12D.1 Cycles of deep convection over central and southern Africa

Wednesday, 30 April 2008: 3:30 PM
Palms I (Wyndham Orlando Resort)
A. G. Laing, NCAR, Boulder, CO; and R. E. Carbone and V. Levizzani

Africa is a major source of heating for the general circulation; primarily through latent heating from precipitation. The timing, sequence, and duration of precipitation affect soil moisture, runoff, and surface feedback processes. Improvements in weather and climate prediction depend on the ability of numerical models to reproduce the statistics of precipitation, such as timing and duration, at a variety of scales. Furthermore, knowledge of the spatial and temporal variability of precipitation is needed for African societies to manage agriculture, water resources, public health, renewable energy, and hazard mitigation. This study focuses on the variability of deep convection in central and southern Africa, with particular emphasis on the diurnal cycle.

Organized convection in central and southern Africa is examined using four years (2000-2003) of digital infrared imagery. Reduced-dimension techniques are used to document the propagation of cold clouds, which serve as proxies for deep convection and precipitation. The central Africa domain covers 15ºS to 10ºN and 20ºW to 50ºE for the two rainy seasons, March to May and September to November. The southern African domain covers 35ºS to 15ºS and 10ºE to 45ºE from November to February. Global analyses are used to diagnose the large-scale environments associated with the evolution of deep convection. The analyses are on a 1-degree grid and are provided daily at 0000, 0600, 1200, and 1800UTC.

Deep convection in central and southern Africa is frequently organized as long-lived “episodes” or coherent sequences. The phase speeds for most convective cloud streaks are 10-20 m s-1, similar to warm-season, organized convection over other continental regions. A large fraction of the convective episodes initiate in the lee of high terrain (e.g., the mountains of Cameroon, the East Africa mountains, and the South African Escarpment). Over central Africa, episodes initiate on an almost daily basis, propagate, and regenerate on regional to continental scales. Daily westward propagation is sometimes interrupted by large-scale circulation changes such as the passage of Kelvin waves. Fewer convective episodes occur over subtropical southern Africa.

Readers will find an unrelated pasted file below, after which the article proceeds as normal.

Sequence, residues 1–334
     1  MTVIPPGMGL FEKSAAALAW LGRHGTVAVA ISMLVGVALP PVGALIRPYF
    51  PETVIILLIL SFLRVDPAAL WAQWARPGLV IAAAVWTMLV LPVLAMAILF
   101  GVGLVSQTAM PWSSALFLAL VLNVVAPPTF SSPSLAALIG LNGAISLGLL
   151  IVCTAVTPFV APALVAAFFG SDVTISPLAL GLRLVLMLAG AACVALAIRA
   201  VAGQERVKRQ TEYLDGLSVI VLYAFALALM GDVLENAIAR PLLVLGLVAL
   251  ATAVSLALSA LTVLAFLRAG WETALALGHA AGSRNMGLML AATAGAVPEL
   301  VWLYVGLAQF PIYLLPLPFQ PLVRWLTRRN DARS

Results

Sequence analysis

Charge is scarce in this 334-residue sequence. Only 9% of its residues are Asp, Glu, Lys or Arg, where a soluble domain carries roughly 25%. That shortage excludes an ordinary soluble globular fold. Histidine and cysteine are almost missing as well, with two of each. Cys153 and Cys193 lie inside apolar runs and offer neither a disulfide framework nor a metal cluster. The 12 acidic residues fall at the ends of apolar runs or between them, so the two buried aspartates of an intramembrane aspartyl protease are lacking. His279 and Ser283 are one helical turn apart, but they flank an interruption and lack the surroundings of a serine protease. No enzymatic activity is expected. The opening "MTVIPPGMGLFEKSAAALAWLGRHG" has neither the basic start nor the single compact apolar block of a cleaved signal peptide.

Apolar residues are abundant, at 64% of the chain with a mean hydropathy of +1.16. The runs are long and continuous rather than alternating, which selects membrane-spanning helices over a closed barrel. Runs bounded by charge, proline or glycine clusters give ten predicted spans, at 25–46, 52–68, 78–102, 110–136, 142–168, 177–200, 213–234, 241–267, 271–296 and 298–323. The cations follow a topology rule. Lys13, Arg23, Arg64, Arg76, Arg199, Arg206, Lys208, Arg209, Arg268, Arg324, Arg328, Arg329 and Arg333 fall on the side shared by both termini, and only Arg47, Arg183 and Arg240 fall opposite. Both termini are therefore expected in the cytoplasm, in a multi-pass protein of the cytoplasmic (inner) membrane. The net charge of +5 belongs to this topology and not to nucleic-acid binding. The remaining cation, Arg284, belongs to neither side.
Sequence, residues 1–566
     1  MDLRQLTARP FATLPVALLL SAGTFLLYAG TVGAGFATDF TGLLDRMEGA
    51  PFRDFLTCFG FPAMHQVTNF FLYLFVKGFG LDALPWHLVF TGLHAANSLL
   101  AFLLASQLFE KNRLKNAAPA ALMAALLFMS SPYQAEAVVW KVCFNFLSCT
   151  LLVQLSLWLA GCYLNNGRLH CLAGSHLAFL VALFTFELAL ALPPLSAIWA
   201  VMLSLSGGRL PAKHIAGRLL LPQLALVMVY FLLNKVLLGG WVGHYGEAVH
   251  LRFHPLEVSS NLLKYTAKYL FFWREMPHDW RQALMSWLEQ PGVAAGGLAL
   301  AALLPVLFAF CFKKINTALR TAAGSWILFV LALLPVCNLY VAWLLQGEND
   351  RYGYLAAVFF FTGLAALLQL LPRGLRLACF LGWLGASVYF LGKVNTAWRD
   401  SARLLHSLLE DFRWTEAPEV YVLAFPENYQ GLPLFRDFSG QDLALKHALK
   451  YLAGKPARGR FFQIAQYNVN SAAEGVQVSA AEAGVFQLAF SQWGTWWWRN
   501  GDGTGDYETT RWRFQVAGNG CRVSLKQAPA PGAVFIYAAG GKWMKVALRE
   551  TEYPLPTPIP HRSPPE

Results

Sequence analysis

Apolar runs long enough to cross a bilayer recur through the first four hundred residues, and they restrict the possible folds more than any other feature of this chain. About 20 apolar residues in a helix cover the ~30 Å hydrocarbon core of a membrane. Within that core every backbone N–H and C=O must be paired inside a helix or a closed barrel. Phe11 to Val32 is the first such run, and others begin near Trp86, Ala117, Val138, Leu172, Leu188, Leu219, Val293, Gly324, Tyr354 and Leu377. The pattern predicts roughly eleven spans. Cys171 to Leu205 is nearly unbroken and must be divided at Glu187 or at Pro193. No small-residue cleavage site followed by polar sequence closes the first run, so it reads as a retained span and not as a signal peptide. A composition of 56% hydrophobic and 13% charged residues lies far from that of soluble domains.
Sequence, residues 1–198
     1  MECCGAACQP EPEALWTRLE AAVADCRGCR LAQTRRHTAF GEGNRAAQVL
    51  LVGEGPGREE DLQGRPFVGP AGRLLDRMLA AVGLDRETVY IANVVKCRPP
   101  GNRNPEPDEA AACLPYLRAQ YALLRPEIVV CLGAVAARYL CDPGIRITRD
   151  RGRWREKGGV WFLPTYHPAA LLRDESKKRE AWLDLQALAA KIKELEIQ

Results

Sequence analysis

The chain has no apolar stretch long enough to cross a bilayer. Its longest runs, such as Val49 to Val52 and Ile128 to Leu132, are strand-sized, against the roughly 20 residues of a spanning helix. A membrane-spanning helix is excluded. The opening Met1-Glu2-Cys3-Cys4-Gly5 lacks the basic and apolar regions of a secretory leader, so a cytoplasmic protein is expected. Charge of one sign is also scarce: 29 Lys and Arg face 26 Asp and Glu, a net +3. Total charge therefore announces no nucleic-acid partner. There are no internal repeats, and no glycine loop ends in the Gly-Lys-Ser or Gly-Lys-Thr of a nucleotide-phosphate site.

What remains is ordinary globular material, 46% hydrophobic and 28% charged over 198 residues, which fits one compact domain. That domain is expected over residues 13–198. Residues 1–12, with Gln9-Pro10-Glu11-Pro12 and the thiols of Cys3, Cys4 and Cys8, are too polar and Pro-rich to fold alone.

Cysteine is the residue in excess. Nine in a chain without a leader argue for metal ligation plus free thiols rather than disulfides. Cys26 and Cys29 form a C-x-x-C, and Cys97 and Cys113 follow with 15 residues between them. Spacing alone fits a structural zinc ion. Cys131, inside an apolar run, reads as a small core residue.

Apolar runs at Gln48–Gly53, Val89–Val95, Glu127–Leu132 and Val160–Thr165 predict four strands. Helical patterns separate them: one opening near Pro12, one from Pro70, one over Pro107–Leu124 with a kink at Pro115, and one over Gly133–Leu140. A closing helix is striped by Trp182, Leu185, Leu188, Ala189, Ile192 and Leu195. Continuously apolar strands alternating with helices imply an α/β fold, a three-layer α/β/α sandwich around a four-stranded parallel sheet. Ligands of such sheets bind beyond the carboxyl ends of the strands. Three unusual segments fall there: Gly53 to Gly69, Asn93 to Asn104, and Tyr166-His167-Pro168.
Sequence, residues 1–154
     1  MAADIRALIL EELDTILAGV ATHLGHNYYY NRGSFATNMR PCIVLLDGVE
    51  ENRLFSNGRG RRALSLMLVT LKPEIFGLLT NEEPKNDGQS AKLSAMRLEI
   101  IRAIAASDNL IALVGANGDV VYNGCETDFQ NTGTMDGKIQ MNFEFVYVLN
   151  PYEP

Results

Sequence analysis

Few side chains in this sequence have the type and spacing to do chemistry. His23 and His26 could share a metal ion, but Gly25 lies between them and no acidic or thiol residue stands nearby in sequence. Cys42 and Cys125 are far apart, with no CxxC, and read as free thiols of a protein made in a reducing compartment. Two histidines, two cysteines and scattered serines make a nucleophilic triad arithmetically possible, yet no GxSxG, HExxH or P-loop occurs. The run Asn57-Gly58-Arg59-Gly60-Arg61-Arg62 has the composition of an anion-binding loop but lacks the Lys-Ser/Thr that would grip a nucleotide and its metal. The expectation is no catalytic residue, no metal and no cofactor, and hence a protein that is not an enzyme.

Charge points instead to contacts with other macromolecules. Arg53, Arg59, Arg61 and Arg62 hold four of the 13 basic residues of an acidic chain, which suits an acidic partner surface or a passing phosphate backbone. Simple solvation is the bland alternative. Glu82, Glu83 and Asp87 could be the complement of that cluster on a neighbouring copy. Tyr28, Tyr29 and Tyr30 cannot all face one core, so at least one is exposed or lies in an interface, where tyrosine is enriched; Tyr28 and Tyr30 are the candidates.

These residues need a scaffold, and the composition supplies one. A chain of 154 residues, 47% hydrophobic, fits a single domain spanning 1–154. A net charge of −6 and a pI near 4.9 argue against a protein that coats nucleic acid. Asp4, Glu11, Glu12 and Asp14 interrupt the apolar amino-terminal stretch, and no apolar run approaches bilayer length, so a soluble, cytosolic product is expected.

The zonal propagation of organized convection shifts the diurnal maximum of precipitation westward over central Africa and eastward over the southern, subtropical domain. Over subtropical southern Africa, the mean diurnal cycle shows less evidence of propagation. For that domain, deep convective development and propagation occur with low-level northerly winds and westerly wind shear. Tropical cyclones are also major sources of precipitation for southeastern Africa.

Episodes of organized convection occur in the presence of moderate vertical shear of the horizontal wind. In the subtropical domain, shear is associated with the deep westerlies; in central Africa, it is associated with the African Easterly Jet and the Tropical Easterly Jet. Results of this study infer the potential for increased skill in sub-seasonal weather prediction and in projections of intra-seasonal to inter-annual variability.

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